Stop Torturing Yourself

Get out of that toxic relationship. Leave that job that is not making you happy. Stop being a pushover.

On toxic relationships…

Sometimes we hold on to something past its expiration date because we’re afraid to let go. If you’ve been in this situation, I can highly empathize with you. I was in a relationship where the person I was dating told me “You don’t deserve love, you have to earn it.” I would do one thing “wrong” that day and they would ignore me for a week. For the longest time I thought everything was my fault. I didn’t “deserve” love because I wasn’t a perfect human being. There’s nothing worst that feeling alone when you’re in a relationship.

I held onto that relationship much longer than I should have. I couldn’t hang out with my friends without asking for “permission” like a child asking their parents if they can go play outside. I would make a comment about how my friends were happy in their relationships and I would get scolded and told, “Everyone has problems like us. They’re just pretending to be happy.” For a large chunk of college I was told I couldn’t go to parties, I couldn’t see my friends, and I couldn’t look nice. If I tried to dress nicely for class I got the response, “Who are you trying to look good for?”

It took some good friends giving me an outside perspective to help me realize I had Stockholm Syndrome. I was afraid to leave a toxic relationship. I was trapped. I was scared. I finally talked myself out of it once my friends told me they missed seeing me. Was it worth being cut off from my social life for someone who didn’t care about me? It wasn’t and I walked away and I grew into a stronger person. Don’t ever be afraid to leave a toxic relationship. You deserve the love you give to others.

On jobs that don’t make you happy anymore…

Nothing feels worse than feeling unappreciated. I truly love coaching rowing and it has been one of my favorite jobs I’ve had. In grad school I was working for a school that made coaching feel like a chore. I wasn’t happy with the staff or how the staff treated the rowers. I felt like my opinion was never taken into consideration, which confused me because the prior season my rowers got second in the state.

I came in excited for the new rowing season and my excitement quickly died. The coaching environment was not conducive to a successful rowing program. I thought about quitting during the winter training season before we started to row outside so it would be easier to transition a new coach, but I was too scared to leave. I made sure my rowers were ready to get on the water and quietly mentioned to the parent board that I was leaving. Thankfully I had friends at another high school that said they needed a rowing coach and I left at a time that didn’t hurt my other high school. I felt guilty when I left my old school but my new school made me so happy. The coaching staff was phenomenal, the rowers were hardworking and friendly, and the parents were the most supportive. It was really hard leaving this school when I graduated from grad school and moved for my job. Looking back at it, leaving was worth it. The other school didn’t suffer because they had extra coaches on hand and my guilt quickly went away. Nothing made me happier than coaching and being back in a positive setting boosted my spirits.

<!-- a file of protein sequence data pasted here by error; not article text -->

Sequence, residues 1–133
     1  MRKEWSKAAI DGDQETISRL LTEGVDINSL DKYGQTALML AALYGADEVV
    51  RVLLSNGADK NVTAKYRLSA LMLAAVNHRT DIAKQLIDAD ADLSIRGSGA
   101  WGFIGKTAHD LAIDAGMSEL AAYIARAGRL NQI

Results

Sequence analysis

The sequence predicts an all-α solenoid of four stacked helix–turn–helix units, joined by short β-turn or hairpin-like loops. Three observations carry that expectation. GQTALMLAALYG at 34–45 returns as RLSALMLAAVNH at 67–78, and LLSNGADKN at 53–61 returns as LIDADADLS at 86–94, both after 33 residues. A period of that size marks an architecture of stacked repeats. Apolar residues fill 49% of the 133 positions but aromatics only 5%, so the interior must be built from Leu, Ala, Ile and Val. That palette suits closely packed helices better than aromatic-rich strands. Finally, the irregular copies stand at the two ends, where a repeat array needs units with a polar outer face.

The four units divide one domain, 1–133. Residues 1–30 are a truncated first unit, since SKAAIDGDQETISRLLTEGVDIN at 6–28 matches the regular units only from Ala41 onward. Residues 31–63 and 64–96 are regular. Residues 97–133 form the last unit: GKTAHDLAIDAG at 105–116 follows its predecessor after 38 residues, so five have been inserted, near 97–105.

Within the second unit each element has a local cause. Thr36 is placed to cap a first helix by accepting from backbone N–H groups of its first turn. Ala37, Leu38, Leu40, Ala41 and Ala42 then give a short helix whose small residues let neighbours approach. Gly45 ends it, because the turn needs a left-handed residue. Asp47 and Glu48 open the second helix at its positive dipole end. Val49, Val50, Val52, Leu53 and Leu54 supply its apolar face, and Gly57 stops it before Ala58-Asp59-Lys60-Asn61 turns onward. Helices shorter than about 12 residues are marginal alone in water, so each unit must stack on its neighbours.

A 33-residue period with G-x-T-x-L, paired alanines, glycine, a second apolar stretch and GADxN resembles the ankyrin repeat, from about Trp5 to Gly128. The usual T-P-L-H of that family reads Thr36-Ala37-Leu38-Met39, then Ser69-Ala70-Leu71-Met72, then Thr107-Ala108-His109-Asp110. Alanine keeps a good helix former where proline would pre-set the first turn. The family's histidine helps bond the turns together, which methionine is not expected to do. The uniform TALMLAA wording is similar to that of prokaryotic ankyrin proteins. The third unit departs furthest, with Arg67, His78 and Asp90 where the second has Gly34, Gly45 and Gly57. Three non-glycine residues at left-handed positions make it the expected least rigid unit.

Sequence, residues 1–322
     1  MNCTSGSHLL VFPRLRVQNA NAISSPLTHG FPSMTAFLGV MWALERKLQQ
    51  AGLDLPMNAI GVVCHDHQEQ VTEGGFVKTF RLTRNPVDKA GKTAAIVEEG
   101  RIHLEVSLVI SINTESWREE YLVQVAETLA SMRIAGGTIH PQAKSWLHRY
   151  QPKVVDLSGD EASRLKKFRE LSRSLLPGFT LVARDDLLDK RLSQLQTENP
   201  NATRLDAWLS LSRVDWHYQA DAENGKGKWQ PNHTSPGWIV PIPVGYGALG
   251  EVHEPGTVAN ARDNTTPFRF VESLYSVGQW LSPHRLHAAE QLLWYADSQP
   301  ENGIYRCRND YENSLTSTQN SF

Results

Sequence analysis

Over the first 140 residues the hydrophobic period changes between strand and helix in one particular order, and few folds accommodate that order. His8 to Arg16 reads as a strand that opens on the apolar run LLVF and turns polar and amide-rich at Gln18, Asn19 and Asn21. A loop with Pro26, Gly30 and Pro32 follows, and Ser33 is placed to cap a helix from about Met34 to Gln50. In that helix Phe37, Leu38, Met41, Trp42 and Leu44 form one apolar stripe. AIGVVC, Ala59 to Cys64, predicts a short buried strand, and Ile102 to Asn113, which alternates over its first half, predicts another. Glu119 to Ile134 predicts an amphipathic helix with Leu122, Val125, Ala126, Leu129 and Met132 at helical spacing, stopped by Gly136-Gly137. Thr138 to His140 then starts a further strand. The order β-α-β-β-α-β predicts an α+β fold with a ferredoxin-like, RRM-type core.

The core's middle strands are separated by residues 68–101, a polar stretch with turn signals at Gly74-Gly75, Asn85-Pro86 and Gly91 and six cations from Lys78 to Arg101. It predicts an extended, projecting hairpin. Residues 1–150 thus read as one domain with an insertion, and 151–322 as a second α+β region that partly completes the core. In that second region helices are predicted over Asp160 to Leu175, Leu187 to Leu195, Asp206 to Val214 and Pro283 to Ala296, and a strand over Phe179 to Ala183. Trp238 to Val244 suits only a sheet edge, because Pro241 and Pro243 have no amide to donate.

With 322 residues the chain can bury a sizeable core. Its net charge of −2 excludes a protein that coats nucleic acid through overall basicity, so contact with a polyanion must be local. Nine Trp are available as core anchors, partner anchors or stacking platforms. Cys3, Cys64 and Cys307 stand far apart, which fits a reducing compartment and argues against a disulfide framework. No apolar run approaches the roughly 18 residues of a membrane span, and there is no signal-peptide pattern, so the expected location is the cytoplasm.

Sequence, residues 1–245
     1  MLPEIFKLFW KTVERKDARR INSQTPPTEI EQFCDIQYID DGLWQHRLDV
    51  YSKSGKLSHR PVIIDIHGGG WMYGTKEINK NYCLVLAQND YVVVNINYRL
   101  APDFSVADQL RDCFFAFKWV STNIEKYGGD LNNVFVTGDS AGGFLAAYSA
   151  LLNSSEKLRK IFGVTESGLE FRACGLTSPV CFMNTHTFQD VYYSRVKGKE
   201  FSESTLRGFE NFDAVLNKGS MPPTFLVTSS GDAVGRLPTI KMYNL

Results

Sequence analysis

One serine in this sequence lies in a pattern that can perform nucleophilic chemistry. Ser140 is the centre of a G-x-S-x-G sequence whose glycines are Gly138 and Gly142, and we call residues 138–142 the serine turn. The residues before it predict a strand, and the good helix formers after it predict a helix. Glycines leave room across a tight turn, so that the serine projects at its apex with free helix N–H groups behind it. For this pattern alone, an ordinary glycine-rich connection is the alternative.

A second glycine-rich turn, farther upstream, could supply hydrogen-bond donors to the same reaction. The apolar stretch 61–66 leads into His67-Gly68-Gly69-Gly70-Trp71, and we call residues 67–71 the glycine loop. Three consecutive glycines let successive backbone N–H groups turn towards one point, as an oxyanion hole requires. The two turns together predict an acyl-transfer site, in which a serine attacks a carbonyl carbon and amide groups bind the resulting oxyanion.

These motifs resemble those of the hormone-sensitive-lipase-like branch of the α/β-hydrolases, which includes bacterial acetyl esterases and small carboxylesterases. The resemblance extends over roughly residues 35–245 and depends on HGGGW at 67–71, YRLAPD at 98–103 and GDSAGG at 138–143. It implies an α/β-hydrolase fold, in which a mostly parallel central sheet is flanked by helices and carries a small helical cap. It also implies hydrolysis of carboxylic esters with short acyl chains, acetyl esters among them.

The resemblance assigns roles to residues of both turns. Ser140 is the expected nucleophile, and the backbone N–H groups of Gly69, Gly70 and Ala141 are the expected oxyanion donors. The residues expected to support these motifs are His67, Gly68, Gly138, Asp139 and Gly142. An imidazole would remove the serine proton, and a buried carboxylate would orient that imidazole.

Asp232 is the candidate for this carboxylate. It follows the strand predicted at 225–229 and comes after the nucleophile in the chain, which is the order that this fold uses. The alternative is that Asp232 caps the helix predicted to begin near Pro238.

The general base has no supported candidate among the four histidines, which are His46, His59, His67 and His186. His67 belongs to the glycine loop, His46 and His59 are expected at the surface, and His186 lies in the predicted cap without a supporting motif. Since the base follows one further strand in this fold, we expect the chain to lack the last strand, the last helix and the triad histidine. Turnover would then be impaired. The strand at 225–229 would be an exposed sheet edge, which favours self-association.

On being a pushover…

Are you afraid to say no? Stop being afraid and say no! I promise nobody’s feelings will get hurt. Stop letting other people’s opinions dictate how you feel. This is another rowing story…

I was the coxswain on the rowing team. Coxswains play a vital role in the boat because they are the only person who is facing forward as rowers sit backwards. I rowed my first semester of college until the spring when I was converted to a coxswain…being 5’3” doesn’t make you the best collegiate rower out there…The coxswain has a headset so the rowers can hear them call out commands in the boat. As a note, the rowers do nothing without the coxswain’s permission.

My first day I was so nervous and I didn’t say a word…my coach had to tell the rowers what to do. For a little while I was taken advantage of because I never spoke up and I let the rowers take over the boat, which is a big NO in the rowing world. One day I snapped because the rowers took the boat out of the boathouse without me saying they could. I yelled out, “Put the boat back. Did I tell you to take out the boat?” My coach’s eyes widened and he said, “You heard that. Put the boat back.”